302CI Chevy Z/28
Chad Raynal, San Jose, CA
If you haven't noticed, we really dig the late '60s Trans-Am cars, so when we ran across Chad Raynal's '69 Camaro, we had to show you the engine compartment. Chad owns an original '69 Z/28 Camaro that is a documented veteran of the SCCA Trans-Am circuit in May and June 1972, originally raced by Richard Sterbins and later campaigned by William MacFarlane. The car finished 13th in the Lime Rock race in May and then suffered a DNF (did not finish) at Watkins Glen in June 1972. Chad now races the car in the Historic Trans-Am (HTA) series that will be racing in 2009 at Infineon Raceway in Sonoma, California, May 29-31 and the excellent Coronado Classic that is part of Fleet Week in San Diego September 25-27. The HTA series requires all the cars to be period correct as much as possible, which means no modern road race amenities such as G-Force transmissions or electronic data-logging. If you've never seen these cars run, it's worth the trip to get a taste of what it was like in the early days of Trans-Am.
A. Ignition That may look like a stock point-type distributor, but it's actually a very rare, ball bearing, tach-drive distributor with transistorized ignition that was leading edge in 1969. This is a factory distributor more often found in Corvettes and first appeared as early as 1964.
B. The Cross-Ram The centerpiece of the Trans-Am Z/28 engines was the cross-ram induction system developed by GM engineers and then massaged by notable engine tuners such as Smokey Yunick. Note the proper 3941130 casting number and the unmistakable Winters snowflake casting mark. Chad's engine takes a minor liberty with the carburetor main bodies with what look like Holley HP pieces. The original carburetors for the early cross-rams were 595-cfm Holleys with a 4295 Holley list number. Note the early slotted screwdriver bowl screws. Cool.
C. Tech Tip Want to ensure that your dipstick doesn't blow out if crankcase pressure increases? Drill a hole in the dipstick handle and attach a spring.
D. Valve Cover Dimples Chad's engine uses original factory valve covers that have been carefully dimpled for better rocker arm clearance.
E. The Short-block When Chevy decided to get into SCCA Trans-Am racing in 1967, the displacement limit for the big V-8 engines was 5.0 liters or 305 ci. Since Chevy didn't have a 302 engine, it did the next best thing and built a 302 by combining a small-journal 327 4.00-inch-bore block with a forged-steel 283 3.00-inch-stroke crank that instantly became a high-rpm motor with factory 11:1 compression. The factory Z/28 camshaft in those days was the classic Duntov mechanical lifter 30-30 cam, named for its 0.030-inch valve lash spec, but most engines used upgraded cams. Chad's engine is a four-bolt main block with forged 12.5:1-compression pistons assembled by Ted Yamashiro at Top of the Hill Performance Center in Livermore, California. If you look closely just behind the water pump, you may notice a pipe plug that indicates this is probably a newer vintage Bow Tie iron block.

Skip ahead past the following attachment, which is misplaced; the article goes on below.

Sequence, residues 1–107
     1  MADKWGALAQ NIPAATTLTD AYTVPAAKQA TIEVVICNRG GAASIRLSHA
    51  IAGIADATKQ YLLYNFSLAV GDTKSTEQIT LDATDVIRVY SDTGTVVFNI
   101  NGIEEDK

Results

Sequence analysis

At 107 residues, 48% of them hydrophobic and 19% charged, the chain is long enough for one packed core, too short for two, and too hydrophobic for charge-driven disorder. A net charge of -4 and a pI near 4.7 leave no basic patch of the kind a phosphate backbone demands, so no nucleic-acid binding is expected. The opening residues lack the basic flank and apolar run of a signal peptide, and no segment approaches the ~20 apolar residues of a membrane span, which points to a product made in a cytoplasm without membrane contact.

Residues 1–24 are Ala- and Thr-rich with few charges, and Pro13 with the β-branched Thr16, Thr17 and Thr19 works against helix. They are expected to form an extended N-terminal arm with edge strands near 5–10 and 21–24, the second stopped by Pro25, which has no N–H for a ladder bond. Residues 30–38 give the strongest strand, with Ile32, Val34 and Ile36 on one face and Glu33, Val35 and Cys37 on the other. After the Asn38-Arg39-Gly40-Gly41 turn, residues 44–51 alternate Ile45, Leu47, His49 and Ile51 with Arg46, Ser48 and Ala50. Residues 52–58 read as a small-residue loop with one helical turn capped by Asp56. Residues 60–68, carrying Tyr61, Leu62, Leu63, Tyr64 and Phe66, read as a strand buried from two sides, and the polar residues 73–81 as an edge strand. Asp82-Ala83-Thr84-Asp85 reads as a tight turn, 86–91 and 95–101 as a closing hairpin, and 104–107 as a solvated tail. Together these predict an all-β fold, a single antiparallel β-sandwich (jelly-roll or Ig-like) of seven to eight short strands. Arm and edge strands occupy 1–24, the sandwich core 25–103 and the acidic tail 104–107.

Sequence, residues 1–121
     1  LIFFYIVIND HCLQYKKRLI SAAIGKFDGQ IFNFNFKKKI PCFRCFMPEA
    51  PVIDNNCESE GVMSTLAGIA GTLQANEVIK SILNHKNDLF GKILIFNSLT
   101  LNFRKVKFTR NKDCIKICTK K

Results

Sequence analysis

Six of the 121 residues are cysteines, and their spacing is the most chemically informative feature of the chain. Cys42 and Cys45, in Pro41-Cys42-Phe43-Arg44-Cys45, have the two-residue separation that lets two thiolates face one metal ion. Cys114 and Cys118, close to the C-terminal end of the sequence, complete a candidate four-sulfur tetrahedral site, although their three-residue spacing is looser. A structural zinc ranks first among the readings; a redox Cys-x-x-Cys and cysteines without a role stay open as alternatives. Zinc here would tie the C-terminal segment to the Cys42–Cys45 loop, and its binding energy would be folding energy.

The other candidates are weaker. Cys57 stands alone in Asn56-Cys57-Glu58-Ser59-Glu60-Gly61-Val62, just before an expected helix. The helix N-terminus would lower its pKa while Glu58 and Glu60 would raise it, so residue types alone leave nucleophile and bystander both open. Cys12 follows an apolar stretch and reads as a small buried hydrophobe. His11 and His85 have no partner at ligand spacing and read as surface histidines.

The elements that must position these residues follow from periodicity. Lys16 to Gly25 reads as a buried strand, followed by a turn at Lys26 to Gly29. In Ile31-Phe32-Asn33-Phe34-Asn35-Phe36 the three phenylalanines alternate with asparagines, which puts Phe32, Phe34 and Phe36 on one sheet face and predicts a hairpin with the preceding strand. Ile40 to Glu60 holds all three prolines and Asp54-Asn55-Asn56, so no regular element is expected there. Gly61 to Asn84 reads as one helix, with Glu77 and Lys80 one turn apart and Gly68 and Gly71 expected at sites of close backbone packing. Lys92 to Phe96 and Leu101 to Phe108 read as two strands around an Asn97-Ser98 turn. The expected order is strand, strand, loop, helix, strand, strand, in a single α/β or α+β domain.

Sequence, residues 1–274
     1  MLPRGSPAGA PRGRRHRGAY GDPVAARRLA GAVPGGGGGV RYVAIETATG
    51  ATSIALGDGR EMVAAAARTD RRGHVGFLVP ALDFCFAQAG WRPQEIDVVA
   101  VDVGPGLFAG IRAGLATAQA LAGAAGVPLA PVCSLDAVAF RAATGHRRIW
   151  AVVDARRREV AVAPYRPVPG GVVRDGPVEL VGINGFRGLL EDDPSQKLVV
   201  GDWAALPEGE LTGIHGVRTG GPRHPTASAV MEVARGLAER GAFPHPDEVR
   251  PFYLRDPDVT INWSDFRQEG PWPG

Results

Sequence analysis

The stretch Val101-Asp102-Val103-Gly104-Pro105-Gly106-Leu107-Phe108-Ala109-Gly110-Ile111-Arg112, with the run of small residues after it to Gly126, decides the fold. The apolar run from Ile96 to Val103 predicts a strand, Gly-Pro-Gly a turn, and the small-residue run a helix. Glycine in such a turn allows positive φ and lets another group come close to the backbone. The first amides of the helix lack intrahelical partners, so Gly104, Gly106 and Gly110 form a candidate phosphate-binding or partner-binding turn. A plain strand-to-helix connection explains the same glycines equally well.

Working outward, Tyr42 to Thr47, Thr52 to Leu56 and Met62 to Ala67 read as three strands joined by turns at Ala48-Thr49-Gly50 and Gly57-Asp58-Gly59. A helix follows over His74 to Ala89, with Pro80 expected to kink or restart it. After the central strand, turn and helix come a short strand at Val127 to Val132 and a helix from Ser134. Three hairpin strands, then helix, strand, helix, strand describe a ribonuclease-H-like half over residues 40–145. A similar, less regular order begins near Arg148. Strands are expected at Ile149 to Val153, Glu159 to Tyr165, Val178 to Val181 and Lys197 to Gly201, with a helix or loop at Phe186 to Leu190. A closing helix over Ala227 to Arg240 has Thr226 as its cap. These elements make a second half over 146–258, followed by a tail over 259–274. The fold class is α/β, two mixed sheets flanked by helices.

F. Wired You can tell this is a true competition engine compartment if for no other reason than the prodigious use of safety wire around such items as the oil fill cap and the alignment shims for the upper control arms.
G. Welded Early Trans-Am rules required the use of the stock front subframe, so the racers went to the effort of completing all the welds along the length of the subframe for strength.
H. Headers The headers are period-correct Jere Stahl road race pieces with 1 7/8-inch primaries and 3 1/2-inch collectors that feed into oval exhaust pipes with no mufflers.
I. Lubrication Dry-sumps were not part of the deal back in 1969, but wet-sump technology has improved quite a bit in the last 40 years, so Chad's engine uses an Aviaid 10-quart road race pan with the same trapdoor configuration first used on the Penske/Sunoco Camaros, along with this breather vent tank that is connected to both valve covers.